APES ON FILM: Get Your Folk Horror Fix with THE EYE OF THE DEVIL!

Posted on: Mar 13th, 2022 By:

by Anthony Taylor
Contributing Writer


Welcome to Apes on Film! This column exists to scratch your retro-film-in-high-definition itch. We’ll be reviewing new releases of vintage cinema and television on disc of all genres, finding gems and letting you know the skinny on what to avoid. Here at Apes on Film, our aim is to uncover the best in retro film. As we dig for artifacts, we’ll do our best not to bury our reputation. What will we find out here? Our destiny.


Apes on Film also appears on Nerd Alert News. Check them out HERE!


4 out of 5 Bananas
Starring: Deborah Kerr , David Niven, Donald Pleasence, Edward Mulhare , Sharon Tate , David Hemmings
Director: J. Lee Thompson 
Rated: NR
Studio: Warner Brothers Archive Collection
Region: A
BRD Release Date: October 26, 2021
Audio Formats: English: DTS-HD Master Audio 2.0 Mono (48kHz, 24-bit)
Video Codec: MPEG-4 AVC
Resolution: 1080p HD
Aspect Ratio: 1.66:1 – Original aspect ratio: 1.85:1
Run Time: 96 minutes


Anticipating the wave of folk horror films to come in the early 1970s, producer Martin Ransohoff’s EYE OF THE DEVIL is an entertaining amalgamation of tropes associated with several genres that readers (and viewers of the cinematic adaptations) of James George Frazer, Daphne Du Maurier, Henry James, and Dennis Wheatley will embrace, delivered by a fantastic cast.

David Niven portrays Philippe de Montfaucon, the Marquis de Bellenac, a wealthy French nobleman called back to his ancestral home to remedy the blight on his town’s vineyard. As in THE WICKER MAN, caretaking the wellbeing of the harvest is directly the responsibility of the local lord, and Philippe feels the heavy weight as he returns to shoulder the burden of more than a thousand years of tradition – he must make a sacrifice to ensure the bounty of the community returns. And the price is high.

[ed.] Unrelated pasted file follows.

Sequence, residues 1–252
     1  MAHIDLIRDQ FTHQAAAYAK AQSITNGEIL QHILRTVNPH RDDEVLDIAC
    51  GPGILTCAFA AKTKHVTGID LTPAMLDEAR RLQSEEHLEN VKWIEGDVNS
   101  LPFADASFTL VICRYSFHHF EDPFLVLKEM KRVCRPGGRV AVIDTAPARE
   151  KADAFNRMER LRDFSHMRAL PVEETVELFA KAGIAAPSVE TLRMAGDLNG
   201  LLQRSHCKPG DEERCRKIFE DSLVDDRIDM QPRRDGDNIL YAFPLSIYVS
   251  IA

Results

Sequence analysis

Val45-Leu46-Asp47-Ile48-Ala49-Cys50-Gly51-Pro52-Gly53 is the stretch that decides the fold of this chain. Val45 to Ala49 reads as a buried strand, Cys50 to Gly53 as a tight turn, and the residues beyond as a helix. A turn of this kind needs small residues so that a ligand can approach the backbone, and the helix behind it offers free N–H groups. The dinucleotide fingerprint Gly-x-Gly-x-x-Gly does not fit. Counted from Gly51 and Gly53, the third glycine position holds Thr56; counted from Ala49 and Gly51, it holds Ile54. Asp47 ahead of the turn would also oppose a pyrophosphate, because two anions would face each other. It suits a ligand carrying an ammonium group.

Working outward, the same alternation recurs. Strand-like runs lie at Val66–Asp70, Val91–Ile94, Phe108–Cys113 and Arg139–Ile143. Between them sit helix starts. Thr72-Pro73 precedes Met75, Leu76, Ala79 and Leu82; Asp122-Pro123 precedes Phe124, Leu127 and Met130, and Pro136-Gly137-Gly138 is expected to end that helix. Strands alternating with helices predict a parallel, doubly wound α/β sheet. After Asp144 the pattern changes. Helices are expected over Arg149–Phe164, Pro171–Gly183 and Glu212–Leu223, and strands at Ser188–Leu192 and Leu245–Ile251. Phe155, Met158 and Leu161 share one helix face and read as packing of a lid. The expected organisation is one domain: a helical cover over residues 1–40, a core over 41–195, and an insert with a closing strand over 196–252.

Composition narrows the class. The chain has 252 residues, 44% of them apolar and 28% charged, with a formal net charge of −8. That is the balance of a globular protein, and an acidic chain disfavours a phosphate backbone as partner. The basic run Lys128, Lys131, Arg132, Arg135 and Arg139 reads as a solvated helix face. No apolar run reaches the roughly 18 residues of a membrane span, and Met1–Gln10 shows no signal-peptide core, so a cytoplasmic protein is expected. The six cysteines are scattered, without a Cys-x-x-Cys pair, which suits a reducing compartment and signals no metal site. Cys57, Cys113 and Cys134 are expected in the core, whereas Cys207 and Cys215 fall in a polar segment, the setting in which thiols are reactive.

Deborah Kerr, as Philippe’s wife Catherine, follows him to Bellenac despite his urges to stay in Paris after their son Jacques has a dream in which his father needs him. Packing Jacques and sister Antoinette, they arrive at Chateau de Montfaucon (the exquisite Château de Hautefort in the Dordogne) to find local creepy archer Christian de Caray (David Hemmings) shooting doves out of the sky and his sister Odile (Sharon Tate) turning frogs into doves and hypnotizing the children. This is only a prelude to the weirdness ahead for Catherine, as she slowly peels back the mystery of her husband’s ancestral home and family history, and what’s to become of all of them.

The troubled production – Kim Novak filmed all but a handful of scenes before being injured on set and having her part recast (and re-shot) by Kerr when she was unable to return – features outstanding performances by Tate in her first speaking film role, Hemmings just before he blew up in Michelangelo Antonioni‘s BLOW-UP, and Donald Pleasence perfecting the creepy stare he would put to good use in so many later roles. Niven and Kerr also acquit themselves well, but it’s the supporting cast that does much of the heavy lifting.

Tate was a discovery of Ransohoff’s, who was the producer of THE BEVERLY HILLBILLIES. He met Tate when she auditioned for PETTICOAT JUNCTION and he signed her to a seven-year contract on the spot. But he had bigger plans for her than a sitcom, which is clearly seen in in EYE OF THE DEVIL. She gives an amazing performance as Odile, and her commitment to her craft really shines. Hemming also creates a performance that is greater than the sum of its parts, and may be the reason the film was eventually released after Novak’s accident and the reshoots. Stuck in limbo for more than a year, his popularity after the release of BLOW-UP seems to have given the studio a reason to refocus on EYE OF THE DEVIL and complete it, finally releasing the film in 1967 in the U.S. and 1968 in the U.K.

Warner Archive Collection’s Blu-ray presentation of the film is visually stunning, sourced from a new 4K scan of the original film elements. The picture is crisp and secure, and Erwin Hillier ’s monochrome cinematography is a joy to behold. The audio is less effective, but it’s sourced from a half-century old mono track and performs within expectations. The only extra included on the disc is the theatrical trailer.